She's probably been raced very hard, so she would need a thorough survey, and most especially the big fractional rig.

They were very quick boats in their time, and were good downwind for an IOR boat. I raced on one of the smaller versions, and she was a very good boat.
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Old 14-07-2010, 01:04   #10
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Thanks for the great information Sharkman.

Are there any Oyster 43 Grand Prix version owners on this forum? I'd love to hear from them.

Thanks.
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Old 14-07-2010, 03:36   #11
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I doubt you'll find anyone with a GP Oyster 43 on here - there were only a few of the stripped out versions built, and, in fact, there weren't an awful lot of the cruisier variants either.

There were three GP 43's that I know of: Oystercatcher X (I think it was X), Storm Bird and Black Topic. The first two both were raced in the States, the latter very successfully. The third was in the UK Admiral's Cup team. I'd say there's a good chance the boat you are looking at is one of these three.

Old stripped out IOR boats can be had very cheaply, but converting them into a cruising home might prove prohibitively expensive. The Oyster 43 was certainly one of nicer IOR boats from that era, but it's a big rig, and they were originally designed for a big crew of musclebound types.....

Good luck with your search!
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Old 16-07-2010, 05:42   #12
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The biggest problem with converting this design into a cruiser will be the rig. Being a frac you will have to contend with setting the (not smallish) runners to avoid a gravity storm. No big deal with a full crew but tough when sailing short handed.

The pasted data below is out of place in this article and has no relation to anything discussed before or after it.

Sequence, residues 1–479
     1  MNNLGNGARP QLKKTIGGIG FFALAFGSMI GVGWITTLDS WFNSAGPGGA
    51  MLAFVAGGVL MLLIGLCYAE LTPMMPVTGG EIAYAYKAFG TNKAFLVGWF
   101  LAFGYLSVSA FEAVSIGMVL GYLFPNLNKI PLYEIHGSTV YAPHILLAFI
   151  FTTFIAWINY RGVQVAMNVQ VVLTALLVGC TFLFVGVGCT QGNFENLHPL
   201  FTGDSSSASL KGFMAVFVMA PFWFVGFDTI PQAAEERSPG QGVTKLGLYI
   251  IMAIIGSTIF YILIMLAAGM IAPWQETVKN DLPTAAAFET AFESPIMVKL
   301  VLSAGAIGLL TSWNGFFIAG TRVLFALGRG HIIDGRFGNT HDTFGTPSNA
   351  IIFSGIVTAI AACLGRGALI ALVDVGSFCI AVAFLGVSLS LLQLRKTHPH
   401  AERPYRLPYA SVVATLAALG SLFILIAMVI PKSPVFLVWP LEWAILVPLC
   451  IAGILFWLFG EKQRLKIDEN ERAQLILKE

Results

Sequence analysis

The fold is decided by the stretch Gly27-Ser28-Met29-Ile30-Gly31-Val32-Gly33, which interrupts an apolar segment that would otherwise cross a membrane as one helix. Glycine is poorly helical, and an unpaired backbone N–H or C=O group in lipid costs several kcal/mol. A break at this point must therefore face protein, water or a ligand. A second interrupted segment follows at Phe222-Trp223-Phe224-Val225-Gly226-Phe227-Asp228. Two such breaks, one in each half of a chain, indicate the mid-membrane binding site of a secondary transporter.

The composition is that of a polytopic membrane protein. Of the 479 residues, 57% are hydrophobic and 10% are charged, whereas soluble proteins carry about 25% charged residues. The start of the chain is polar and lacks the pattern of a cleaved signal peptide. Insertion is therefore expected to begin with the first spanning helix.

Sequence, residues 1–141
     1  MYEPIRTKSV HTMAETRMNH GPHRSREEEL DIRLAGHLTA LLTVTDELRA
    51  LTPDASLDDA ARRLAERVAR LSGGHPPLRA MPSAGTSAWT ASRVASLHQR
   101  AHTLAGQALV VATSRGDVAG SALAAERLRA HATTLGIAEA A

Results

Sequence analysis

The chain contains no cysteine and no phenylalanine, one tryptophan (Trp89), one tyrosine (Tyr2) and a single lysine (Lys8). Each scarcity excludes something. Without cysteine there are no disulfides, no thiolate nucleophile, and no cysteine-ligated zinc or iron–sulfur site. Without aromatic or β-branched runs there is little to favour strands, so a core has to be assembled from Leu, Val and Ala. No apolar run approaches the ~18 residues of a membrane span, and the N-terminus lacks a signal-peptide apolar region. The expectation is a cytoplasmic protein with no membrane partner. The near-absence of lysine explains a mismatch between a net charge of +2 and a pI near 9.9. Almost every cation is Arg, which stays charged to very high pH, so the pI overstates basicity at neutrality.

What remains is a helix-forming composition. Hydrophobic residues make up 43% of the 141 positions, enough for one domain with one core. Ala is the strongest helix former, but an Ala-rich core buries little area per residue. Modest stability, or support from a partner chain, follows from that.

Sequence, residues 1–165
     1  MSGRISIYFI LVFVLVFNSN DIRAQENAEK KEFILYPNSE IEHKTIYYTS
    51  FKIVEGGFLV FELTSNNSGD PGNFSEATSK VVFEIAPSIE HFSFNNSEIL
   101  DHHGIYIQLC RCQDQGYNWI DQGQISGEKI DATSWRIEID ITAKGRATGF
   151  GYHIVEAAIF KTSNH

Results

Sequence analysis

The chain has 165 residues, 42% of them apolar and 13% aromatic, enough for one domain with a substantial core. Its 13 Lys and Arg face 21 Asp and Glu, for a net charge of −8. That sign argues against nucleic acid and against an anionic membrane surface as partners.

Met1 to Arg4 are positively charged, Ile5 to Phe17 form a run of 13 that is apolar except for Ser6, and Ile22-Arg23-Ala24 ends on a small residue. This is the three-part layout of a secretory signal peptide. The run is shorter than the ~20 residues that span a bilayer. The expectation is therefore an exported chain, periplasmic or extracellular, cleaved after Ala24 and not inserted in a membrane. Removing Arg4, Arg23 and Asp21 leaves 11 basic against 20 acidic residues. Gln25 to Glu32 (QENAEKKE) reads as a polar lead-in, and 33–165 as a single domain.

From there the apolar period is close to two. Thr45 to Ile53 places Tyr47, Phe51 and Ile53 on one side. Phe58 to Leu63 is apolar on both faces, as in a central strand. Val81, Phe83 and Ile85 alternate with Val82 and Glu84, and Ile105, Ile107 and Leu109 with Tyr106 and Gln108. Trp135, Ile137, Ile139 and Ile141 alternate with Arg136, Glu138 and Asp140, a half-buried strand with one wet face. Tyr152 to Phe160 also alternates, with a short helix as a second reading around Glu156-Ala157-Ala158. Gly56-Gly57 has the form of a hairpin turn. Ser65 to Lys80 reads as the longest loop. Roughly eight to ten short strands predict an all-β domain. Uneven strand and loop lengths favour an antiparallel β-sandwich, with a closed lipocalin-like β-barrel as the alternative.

Good luck though.
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Old 21-07-2010, 22:05   #13
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Oyster 43

I own a Oyster 43 hull no.9 built in 1985. 43 is a stretched version of 41 and came in various forms as they were semi custom boats.
My boat has wheel steering, triple spreader masthead rig with cruising interior and Kevlar hull.
I have seen double spreader fractional rig with tiller steering version which had stripped down below. Also double spreader masthead version was available.
She is built to high standard and sails very well especially heavy air upwind.
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Old 21-07-2010, 22:32   #14
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At $35k she could be a good deal for the right motivated buyer. Be prepared for a ton of worn out gear. Cynically add up the costs. She probably has 40 winches in need of maintenance. Too bad she's a goofy IOR hull...but that doesn't really matter for a cruiser.

It can be a big advantage to NOT have a hull full of worn-out, obsolete, poorly installed cruising amenities. Focus on the hull, rig and rudder. Any of those less than perfect: she should be free.

Pretty cool fractional rig. Runners are not a big deal to tend to on most boats.
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Old 21-07-2010, 22:51   #15
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I think the price can vary depending on condition. The original Volvo MD17D produces 28hp which was a bit under power for cruising.
There were not many fractional versions were launched and all of them had inline spreaders with runners which were pain during heave air jibe.